2012; the most beautiful year
This has been a difficult year. To use one easy example, the progression of my wilderness skills was orderly and logical in years past. In 2008 Chris Plesko and I went to Yellowstone. In 2009 Kevin Sawchuk and I traversed the Bob in October. In 2010 I traversed the Thorofare alone in May, and learned to packraft. In 2011 I completed the Classic. This year my two “big” traverses ended in failure, at least insofar as completed the route was concerned. Work had similar struggles, as I closed in on and passed 2 years at my current job and struggled with having a sustainable attitude towards a job whose external worth is often so hard to judge. These battles are why 2012 has been the best year yet. Compiling the video below brought back an overwhelming layer of memories, and with it a few tears of gratitude. Job completed.
In the video you’ll notice something rather different than those from years past; people. I resolved to do, and did, many trips with others. And loved it. Solo has been and will still be a huge part of what I do in the wilderness, but getting better at sharing has been enormously rewarding. I believe some call this growing up.
Last year I wrote, on the occasion of this blogs 5th birthday, that I hoped to raise the bar on content. Visually things have stayed stagnant, photography wasn’t a huge focus this year and I chose to sink money into going on trips and buying gear rather than upgrading cameras and hardware. This will continue to be the case, as I just ordered a new packraft (Scout!) yesterday. M and I had a conversation a few months later, prompted by the second time I was freshly pressed and saw viewed multiply for a week or two, where I concluded that additional volume was not a desirable goal. I do not want to be anywhere close to the most read blog around. I’d need to make content here more regular and more ereadily digestible, neither of which will ever happen. I don’t compromise lived life for blogging, and I see little value in being easily understood. I want to be the most influential blog in my strange corner of the universe, and judged by that criteria I’m pleased with my progress. My writing here and elsewhere has improved, with several posts here and articles on BPL whose influence has been easily seen. I shall do my best to keep this up.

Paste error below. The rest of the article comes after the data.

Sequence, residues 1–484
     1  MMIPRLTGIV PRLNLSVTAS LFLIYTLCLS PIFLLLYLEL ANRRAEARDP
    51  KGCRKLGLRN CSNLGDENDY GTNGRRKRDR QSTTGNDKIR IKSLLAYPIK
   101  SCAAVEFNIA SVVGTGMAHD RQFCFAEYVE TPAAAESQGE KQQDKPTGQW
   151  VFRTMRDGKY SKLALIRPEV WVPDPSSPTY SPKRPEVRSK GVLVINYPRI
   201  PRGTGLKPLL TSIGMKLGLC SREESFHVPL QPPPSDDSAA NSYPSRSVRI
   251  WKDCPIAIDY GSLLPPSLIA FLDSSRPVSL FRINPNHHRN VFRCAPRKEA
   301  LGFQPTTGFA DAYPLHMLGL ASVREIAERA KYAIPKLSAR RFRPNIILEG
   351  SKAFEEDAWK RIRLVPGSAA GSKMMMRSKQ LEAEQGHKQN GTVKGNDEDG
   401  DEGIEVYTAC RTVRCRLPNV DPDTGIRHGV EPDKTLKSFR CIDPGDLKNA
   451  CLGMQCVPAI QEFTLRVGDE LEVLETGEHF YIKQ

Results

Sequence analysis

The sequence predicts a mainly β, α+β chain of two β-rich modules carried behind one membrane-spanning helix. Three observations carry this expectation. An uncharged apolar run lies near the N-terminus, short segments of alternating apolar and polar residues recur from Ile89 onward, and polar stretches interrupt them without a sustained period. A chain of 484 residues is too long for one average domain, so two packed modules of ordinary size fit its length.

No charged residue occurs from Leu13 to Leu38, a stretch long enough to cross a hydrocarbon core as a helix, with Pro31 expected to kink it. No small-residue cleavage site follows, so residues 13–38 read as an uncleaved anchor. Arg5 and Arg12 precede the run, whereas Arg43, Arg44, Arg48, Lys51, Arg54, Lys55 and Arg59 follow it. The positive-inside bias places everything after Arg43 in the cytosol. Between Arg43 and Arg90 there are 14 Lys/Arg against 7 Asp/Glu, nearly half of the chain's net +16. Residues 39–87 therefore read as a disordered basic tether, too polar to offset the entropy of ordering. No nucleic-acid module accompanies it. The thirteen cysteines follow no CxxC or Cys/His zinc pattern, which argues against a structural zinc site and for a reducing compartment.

I’m not going to write about specific gear this time around, because while my curiosity and consumerism is far from dead, reflecting on the last 6 years has made the gear urge seem a bit silly. So long as I’ve had a reliable mountain bike good adventures have come, and the particulars matter little. Investing in a fatbike, as I did this year, is worthwhile for the new terrain and ways of thinking it opens. Worrying about the best tires and fiddling with different drive trains or different amounts of suspension does not provide a good growth-experience to fiddle-time ratio. 3 years ago I was enjoying myself and exploring places quite as well with one pair of skis as I will this winter with six. All this is why you should expect to see a bit less gear writing here and elsewhere, and why I bought a new Alpacka rather than any of the many other things worthy of said funds. A packraft opens new places, and I want a lighter one to ease my multi-sport explorations as well as a second boat to more easily bring others along (looking at you Danni/Clayton/Lauren/Megan/Ali/etc).
I have big plans for 2013. The first 12 weeks are already quite full with Fisher research trips in Glacier and the Fat Bike Summit in Idaho. M and I hope to (finally) return to the Colorado Plateau in April, and come May boating and spring skiing will be upon us, followed shortly by the orgiastic period of dry-dirt hiking known as summer. I’ll need to train hard to be able to last from July through September with all I plan to do, and with enough in reserve to hunt deer and elk in the Bob. There will be lots of trout to catch along the way.
I can’t wait.